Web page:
Skip to content
 
If you can read this, either the style sheet didn't load or you have an older browser that doesn't support style sheets. Try clearing your browser cache and refreshing the page.

(Deslidefied)   So what would happen to the Earth if humans went the way of the dinosaurs?   (deslide.clusterfake.net) divider line
    More: Interesting, number of slides, Lens, 1990s American television series, site, image URLs, slides  
•       •       •

430 clicks; posted to Discussion » on 24 May 2022 at 11:05 AM (5 weeks ago)   |   Favorite    |   share:  Share on Twitter share via Email Share on Facebook



32 Comments     (+0 »)
View Voting Results: Smartest and Funniest
 
2022-05-24 9:43:40 AM  
Find our in about 5 years... could be sooner
 
2022-05-24 9:50:22 AM  
Endangered species would proliferate

Not necessarily, because

Livestock would be released into the wild

Not all the endangered species are currently being kept down by human activity.
 
2022-05-24 9:58:46 AM  
TFG, like any cockroach, would survive.
 
2022-05-24 10:00:25 AM  
I think the Talking Heads made a song that would cover this...
 
2022-05-24 10:01:25 AM  
In 65 million years insect archaeologists would dig up our fossilized bones and try to convince their clergy that the earth was older than 6000 years.
 
2022-05-24 10:04:26 AM  
Fark user imageView Full Size
 
2022-05-24 10:08:28 AM  
There's an entire book and two season TV series that talks about this.
 
2022-05-24 10:48:03 AM  
encrypted-tbn0.gstatic.comView Full Size

It's our time to shine!
 
2022-05-24 10:49:47 AM  
Bunch of buildings would explode from pent up sewer gasses.  Chlorine tanks would also rupture killing wildlife for miles in a silent fog.
 
2022-05-24 10:51:10 AM  
Gonna be a lot of toxic metals still around for a while, but the cities will eventually fall, and if another intelligent species rises up, they are going to spend a lot of time trying to puzzle out WTF we were doing on our time on Earth, especially if a few museums get preserved.
 
2022-05-24 11:17:18 AM  
All of this has happened before and will happen again.
 
2022-05-24 11:21:40 AM  
Things would improve dramatically.

.... oh crap, I forgot that Canada geese would become the planet's dominant species.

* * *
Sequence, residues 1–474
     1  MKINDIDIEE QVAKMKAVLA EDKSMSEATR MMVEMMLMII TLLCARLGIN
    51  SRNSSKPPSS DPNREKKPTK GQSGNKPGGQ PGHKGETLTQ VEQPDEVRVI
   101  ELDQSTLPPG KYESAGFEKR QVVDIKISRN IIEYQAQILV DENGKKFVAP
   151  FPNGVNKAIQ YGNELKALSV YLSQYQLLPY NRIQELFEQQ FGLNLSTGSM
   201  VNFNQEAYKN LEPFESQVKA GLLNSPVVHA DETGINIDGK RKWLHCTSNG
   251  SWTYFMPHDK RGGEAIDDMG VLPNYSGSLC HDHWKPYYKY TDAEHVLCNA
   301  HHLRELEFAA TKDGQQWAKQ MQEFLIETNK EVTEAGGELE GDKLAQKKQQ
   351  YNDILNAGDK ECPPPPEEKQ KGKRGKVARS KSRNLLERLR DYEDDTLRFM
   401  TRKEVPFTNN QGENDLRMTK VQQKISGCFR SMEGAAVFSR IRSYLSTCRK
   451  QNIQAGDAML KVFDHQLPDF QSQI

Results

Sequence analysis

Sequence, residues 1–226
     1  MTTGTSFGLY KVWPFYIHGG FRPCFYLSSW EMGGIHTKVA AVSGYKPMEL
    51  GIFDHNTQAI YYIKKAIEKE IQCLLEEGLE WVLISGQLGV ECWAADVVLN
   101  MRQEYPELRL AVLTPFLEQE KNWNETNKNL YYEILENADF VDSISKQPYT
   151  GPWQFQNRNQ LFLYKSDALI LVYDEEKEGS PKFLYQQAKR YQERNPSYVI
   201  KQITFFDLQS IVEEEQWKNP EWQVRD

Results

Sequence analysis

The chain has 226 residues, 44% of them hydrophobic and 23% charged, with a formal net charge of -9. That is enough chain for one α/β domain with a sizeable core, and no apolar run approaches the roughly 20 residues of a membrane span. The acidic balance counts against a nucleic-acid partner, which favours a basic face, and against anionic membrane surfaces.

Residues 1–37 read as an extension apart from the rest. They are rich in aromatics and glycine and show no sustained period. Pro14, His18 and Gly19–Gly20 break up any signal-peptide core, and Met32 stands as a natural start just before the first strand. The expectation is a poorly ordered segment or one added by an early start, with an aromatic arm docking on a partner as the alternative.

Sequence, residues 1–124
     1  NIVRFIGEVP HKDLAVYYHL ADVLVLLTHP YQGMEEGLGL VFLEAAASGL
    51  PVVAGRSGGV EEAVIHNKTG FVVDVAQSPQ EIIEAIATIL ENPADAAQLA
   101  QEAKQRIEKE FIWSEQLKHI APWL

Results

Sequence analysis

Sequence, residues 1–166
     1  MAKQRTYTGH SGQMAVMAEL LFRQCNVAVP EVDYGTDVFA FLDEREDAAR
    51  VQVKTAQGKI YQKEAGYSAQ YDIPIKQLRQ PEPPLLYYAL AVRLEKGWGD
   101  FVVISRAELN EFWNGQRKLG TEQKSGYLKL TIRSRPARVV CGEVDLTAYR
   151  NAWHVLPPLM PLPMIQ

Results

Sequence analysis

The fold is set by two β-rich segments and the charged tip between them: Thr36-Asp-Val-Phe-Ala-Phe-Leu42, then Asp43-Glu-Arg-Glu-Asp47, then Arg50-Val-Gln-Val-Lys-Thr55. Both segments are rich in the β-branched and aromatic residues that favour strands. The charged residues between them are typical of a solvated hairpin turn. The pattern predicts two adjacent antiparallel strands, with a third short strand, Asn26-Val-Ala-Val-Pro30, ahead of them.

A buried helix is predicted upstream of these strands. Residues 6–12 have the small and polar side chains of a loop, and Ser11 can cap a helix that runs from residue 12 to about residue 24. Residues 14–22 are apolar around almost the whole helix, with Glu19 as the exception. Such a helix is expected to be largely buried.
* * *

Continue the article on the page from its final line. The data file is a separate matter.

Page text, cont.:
2022-05-24 11:36:34 AM  
Walking In Your Footsteps
Youtube trX9gQssm9c
 
2022-05-24 11:38:56 AM  
 
2022-05-24 12:10:16 PM  

enry: There's an entire book and two season TV series that talks about this.


media-amazon.comView Full Size
 
2022-05-24 12:27:43 PM  
Eden
 
2022-05-24 12:52:39 PM  
At the very least, no one would have to put up with endless repeats of the whole "After Humanity" cheap clickbait articles.

There have been 'documentaries' about his, along with tons of 'think piece' articles by lazy writers and/or editors.
 
2022-05-24 1:20:06 PM  
TFA extrapolates out a measly 100,000 years. Considering the earth is approximately 5,540,000,000 years old and is expected to go for another 5 billion before swallowed up by the nearest red giant, really not much of an prediction. Considering human life may last somewhere between 1 to 10,000 more years, well, that's just the blink of an eye. Compared to dinosaurs, we are more like mayflies. Triceratops probably lasted for 3 million years.

Global warming, which may very well end us, has at best (or worst) delayed the next ice age to about 500,000 years instead of 50,000 years. So we have that going for us. But that will likely scour the topmost evidence of human existence off the surface. Between that and planet tectonics, a future archeologist a billion years from now might, if they look very closely, find a thin layer of plastics and radioactivity as the final memorial to human existence. Then we fall into the sun.
 
2022-05-24 1:57:58 PM  

Bootleg: Endangered species would proliferate

Not necessarily, because

Livestock would be released into the wild

Not all the endangered species are currently being kept down by human activity.


It would be pretty interesting if something came along in 20-50 million years, saw the massive carbon output in the sedimentary layers. How long would they think it was a massive disater following the ice age, causing massive land migrations that made mich of the local fauna homogenized? I wonder if local geological stability would he good ebough for our bones to look like burial plots of an organized species, and not just some massive pit by happenstance. Would any artifacts survive?
 
2022-05-24 2:20:23 PM  
After humanity dies out the planet would go into a long cycle of healing the damage we have done to it.
 
2022-05-24 2:24:53 PM  
The Silurian hypothesis is the answer to this question.
 
2022-05-24 2:50:00 PM  

hubiestubert: Gonna be a lot of toxic metals still around for a while, but the cities will eventually fall, and if another intelligent species rises up, they are going to spend a lot of time trying to puzzle out WTF we were doing on our time on Earth, especially if a few museums get preserved.